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Analog Encounters: Video Workshop at the Encounters Film Festival

Analog Encounters: Video Workshop at the Encounters Film Festival

Wednesday 1 October 2014, by Alex Widdowson

The Encounters Festival presents the viewing public with more than the darkened, flickering embrace of countless feature length screening events, in which back-to-back short film and animation programmes douse one’s mind with such wit and artistry that by the end excellence feels so common place, real world experience of film and television are a sorrow disappointment.

I write specifically about the Encounters’ workshop and lecture programme, where I feel the true substance of the festival lies. In 2012 the Paul Bush Masterclass, Getting it Write: Script Writing for Animation, and the Animation On Prescription art therapy conference dazzled me.

Encounters’ chose to honour the legacy of Malcolm McLaren on their 20th year. Of the series of workshops centering on experiments in audiovisual synthesis, it was my privilege to attend McLaren the Musician: Analog Video Workshop.

Alex Peverett and Chris King treated the class to a reel of experimental films that tracked a brief history of artificially generated moving image. They drew a line that began with McLaren’s experiments in painting frames directly on clear celluloid film and drawing audio tracks by hand.

Norman McLaren: Pen Point Percussion, National Film Board Canada, 1951.

The advancement in analog electronics allows sound and moving images to be generated and manipulated entirely by synthesizers. The first Dr. Who intro providing a perfect early example:

Doctor Who, by BBC, 1963

Eventually this culminated in the contemporary Glitch Art movement in which the original intentions of audiovisual technologies are subverted to produce characteristically inorganic outcomes through data corruption.

depths from Chris King on Vimeo.

Depths: music and video by Chris J King, 2011

Alex Peverett then delivered a concise technical crash course in the architecture of video images. A key principle differentiating video from film or digital was that it always existed in a fluid signal state. These complex wave formations cannot be dismantled into a larger set of discrete static images, instead, as the video image is deconstructed what we see departs from recognition, conjuring a visual language of its own.

In the following 30 minutes Chris King taught us how to assemble and solder our very own phono jack dirty mixing box. This is a simple circuit that produces a video output signal constructed from an adjustable blend of two video inputs. An ominous looking red knob controls the proportion of these two channels.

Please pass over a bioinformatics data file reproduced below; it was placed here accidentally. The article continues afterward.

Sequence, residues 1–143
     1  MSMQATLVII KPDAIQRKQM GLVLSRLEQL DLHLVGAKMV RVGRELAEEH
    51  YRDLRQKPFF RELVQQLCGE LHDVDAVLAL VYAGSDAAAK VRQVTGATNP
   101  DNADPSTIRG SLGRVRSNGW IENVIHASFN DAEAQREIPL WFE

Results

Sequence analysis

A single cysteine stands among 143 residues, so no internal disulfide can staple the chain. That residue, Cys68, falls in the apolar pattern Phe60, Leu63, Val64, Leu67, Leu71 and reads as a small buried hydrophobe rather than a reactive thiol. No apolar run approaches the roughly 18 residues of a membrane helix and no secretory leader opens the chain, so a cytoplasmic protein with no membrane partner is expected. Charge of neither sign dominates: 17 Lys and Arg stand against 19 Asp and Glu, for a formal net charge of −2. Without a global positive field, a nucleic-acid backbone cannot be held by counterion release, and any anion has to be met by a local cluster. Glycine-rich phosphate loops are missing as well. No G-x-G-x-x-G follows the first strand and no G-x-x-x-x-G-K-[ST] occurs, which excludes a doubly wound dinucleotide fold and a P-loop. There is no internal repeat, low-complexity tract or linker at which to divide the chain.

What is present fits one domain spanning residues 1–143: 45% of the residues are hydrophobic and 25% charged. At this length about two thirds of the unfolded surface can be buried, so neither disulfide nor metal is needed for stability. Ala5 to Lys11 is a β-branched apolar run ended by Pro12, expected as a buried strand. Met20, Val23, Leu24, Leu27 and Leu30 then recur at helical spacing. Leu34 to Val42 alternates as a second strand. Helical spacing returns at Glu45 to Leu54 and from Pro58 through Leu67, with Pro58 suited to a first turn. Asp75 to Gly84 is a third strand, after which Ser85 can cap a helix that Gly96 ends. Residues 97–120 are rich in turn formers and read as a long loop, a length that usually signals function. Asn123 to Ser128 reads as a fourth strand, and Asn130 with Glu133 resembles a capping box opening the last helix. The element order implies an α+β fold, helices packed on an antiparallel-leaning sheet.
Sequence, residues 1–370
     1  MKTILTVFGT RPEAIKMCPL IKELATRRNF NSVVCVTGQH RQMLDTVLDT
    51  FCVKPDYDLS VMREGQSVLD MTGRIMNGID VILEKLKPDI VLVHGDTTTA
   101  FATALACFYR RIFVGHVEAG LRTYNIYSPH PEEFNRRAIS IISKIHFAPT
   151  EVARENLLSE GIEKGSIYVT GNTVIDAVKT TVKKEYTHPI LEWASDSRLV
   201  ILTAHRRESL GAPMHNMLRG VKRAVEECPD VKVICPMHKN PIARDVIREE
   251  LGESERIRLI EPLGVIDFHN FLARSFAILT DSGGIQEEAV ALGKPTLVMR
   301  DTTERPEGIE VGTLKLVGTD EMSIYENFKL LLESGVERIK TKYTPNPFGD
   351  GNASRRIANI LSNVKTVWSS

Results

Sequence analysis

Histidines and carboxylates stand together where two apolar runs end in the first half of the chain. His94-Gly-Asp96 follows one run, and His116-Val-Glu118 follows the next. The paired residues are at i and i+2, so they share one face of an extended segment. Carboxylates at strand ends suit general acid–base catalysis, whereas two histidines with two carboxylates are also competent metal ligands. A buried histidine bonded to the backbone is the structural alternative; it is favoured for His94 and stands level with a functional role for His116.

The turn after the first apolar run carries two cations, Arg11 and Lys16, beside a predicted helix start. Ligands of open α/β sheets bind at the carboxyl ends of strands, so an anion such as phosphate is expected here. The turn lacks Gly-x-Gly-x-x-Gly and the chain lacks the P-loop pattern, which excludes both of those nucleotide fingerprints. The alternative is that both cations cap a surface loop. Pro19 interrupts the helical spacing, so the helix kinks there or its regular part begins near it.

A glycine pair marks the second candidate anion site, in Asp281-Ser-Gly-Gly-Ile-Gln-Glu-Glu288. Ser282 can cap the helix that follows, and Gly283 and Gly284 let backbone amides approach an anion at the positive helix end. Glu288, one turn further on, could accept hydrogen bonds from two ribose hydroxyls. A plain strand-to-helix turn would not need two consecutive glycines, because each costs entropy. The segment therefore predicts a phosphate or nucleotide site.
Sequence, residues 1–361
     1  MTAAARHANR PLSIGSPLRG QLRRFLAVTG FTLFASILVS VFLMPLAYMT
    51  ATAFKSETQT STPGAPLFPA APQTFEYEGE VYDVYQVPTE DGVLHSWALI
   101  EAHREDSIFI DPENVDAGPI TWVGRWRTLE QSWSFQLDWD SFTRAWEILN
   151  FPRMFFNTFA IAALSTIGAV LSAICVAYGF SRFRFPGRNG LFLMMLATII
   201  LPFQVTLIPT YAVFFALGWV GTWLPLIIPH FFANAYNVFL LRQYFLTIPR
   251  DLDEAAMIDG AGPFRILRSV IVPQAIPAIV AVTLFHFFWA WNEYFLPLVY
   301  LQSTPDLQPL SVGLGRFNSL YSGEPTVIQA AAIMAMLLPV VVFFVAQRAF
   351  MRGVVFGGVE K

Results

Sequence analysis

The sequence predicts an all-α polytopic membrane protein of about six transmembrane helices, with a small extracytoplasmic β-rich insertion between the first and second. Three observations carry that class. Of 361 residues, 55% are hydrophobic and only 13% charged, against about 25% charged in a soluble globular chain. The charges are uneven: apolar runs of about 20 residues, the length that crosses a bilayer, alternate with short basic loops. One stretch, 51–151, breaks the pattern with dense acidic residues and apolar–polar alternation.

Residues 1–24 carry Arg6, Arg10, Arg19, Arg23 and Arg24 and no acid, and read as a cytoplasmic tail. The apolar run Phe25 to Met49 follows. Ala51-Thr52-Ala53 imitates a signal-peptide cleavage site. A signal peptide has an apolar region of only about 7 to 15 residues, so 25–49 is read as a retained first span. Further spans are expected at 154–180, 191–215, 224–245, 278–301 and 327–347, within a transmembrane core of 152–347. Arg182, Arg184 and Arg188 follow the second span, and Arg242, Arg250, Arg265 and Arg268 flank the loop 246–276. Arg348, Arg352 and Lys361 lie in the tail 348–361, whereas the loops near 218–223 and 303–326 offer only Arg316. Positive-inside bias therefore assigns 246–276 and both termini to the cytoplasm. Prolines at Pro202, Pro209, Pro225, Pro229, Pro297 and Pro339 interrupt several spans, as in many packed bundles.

With the smell of solder still fresh in the air, and under the expert guidance of Alex, we began experimenting with the equipment at hand; using our two channel video mixers, we overlaid the sprawling neon geometry of video static with a feedback loop, composted of a camera gazing infinitely into its own monitor.

By the time we started generating something comparable to a 70’s disco video, on an incredibly expensive video synthesizer rig, my brain was scrambled. As I slid back down the learning curve my attention latched on to the tiny fragments of personal life that speckled the otherwise crushingly technical discussions. From what I could tell, Chris worked as a technician in the television industry and ran the blog Video Circuits, chronicling the revival of the analog world of video. I pictured him living in a geek cave, like that of the mathematician’s flat in Darren Aronofsky’s Pi (1998).

Alex on the other hand felt compelled to explain that, despite his northern accent, he sometimes struggled speaking English having lived in Japan for the past ten years. This polymath’s career included selling limited edition digital prints, directing music videos and high-end cooperate motion graphics (mostly in Japan), as well as releasing studio albums under various pseudonyms for Skam and Warp Records (among others), most notably as one half of Team Doyobi.

Art of Memorex from soft ocean hotel on Vimeo.

Art of Memorex - Computer Music and LD Video by Christopher Gladwin & Alexander Peverett (Team Doyobi) - "Art of Memorex" is taken from "Digital Music Volume 1" EP by Team Doyobi, Skam Records 2012.

There were unconfirmed utterances of a future run of workshops similar to this, for which I will go to great lengths to attend. My guess is to keep an eye the Video Circuits blog or Facebook group

Any message or comments?

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